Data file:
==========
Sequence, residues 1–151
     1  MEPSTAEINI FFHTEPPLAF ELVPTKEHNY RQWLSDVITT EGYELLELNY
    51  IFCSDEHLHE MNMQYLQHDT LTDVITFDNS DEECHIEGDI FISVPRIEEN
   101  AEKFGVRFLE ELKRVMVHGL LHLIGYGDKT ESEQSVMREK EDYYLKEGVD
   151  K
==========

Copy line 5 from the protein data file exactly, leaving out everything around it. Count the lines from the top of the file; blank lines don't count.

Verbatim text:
   151  K